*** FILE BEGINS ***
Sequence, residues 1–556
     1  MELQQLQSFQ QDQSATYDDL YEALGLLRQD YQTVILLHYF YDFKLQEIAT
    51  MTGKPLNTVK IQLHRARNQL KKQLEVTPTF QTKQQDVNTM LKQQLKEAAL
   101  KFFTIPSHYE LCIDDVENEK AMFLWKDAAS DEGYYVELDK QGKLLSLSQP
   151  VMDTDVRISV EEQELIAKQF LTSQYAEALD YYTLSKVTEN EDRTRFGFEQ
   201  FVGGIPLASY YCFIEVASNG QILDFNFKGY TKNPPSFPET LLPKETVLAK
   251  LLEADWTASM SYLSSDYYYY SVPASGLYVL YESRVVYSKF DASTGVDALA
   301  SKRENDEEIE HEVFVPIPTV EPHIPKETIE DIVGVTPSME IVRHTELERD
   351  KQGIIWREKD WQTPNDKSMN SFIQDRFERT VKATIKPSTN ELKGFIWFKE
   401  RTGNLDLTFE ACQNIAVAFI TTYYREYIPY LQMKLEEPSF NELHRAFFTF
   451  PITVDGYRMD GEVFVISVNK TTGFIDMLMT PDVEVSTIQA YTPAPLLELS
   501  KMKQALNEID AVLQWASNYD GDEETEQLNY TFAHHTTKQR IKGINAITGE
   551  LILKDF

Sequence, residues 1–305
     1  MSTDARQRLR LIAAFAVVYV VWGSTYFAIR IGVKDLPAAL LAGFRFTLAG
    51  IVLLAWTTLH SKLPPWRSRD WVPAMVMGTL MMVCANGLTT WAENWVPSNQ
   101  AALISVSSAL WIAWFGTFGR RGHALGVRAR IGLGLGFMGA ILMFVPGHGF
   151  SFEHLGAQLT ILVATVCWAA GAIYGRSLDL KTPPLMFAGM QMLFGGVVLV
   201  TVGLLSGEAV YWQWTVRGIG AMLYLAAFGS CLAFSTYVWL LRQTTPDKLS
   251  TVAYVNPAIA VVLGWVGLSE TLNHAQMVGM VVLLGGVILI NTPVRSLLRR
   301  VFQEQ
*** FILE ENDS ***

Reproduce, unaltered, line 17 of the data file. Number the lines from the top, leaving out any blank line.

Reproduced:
   101  AALISVSSAL WIAWFGTFGR RGHALGVRAR IGLGLGFMGA ILMFVPGHGF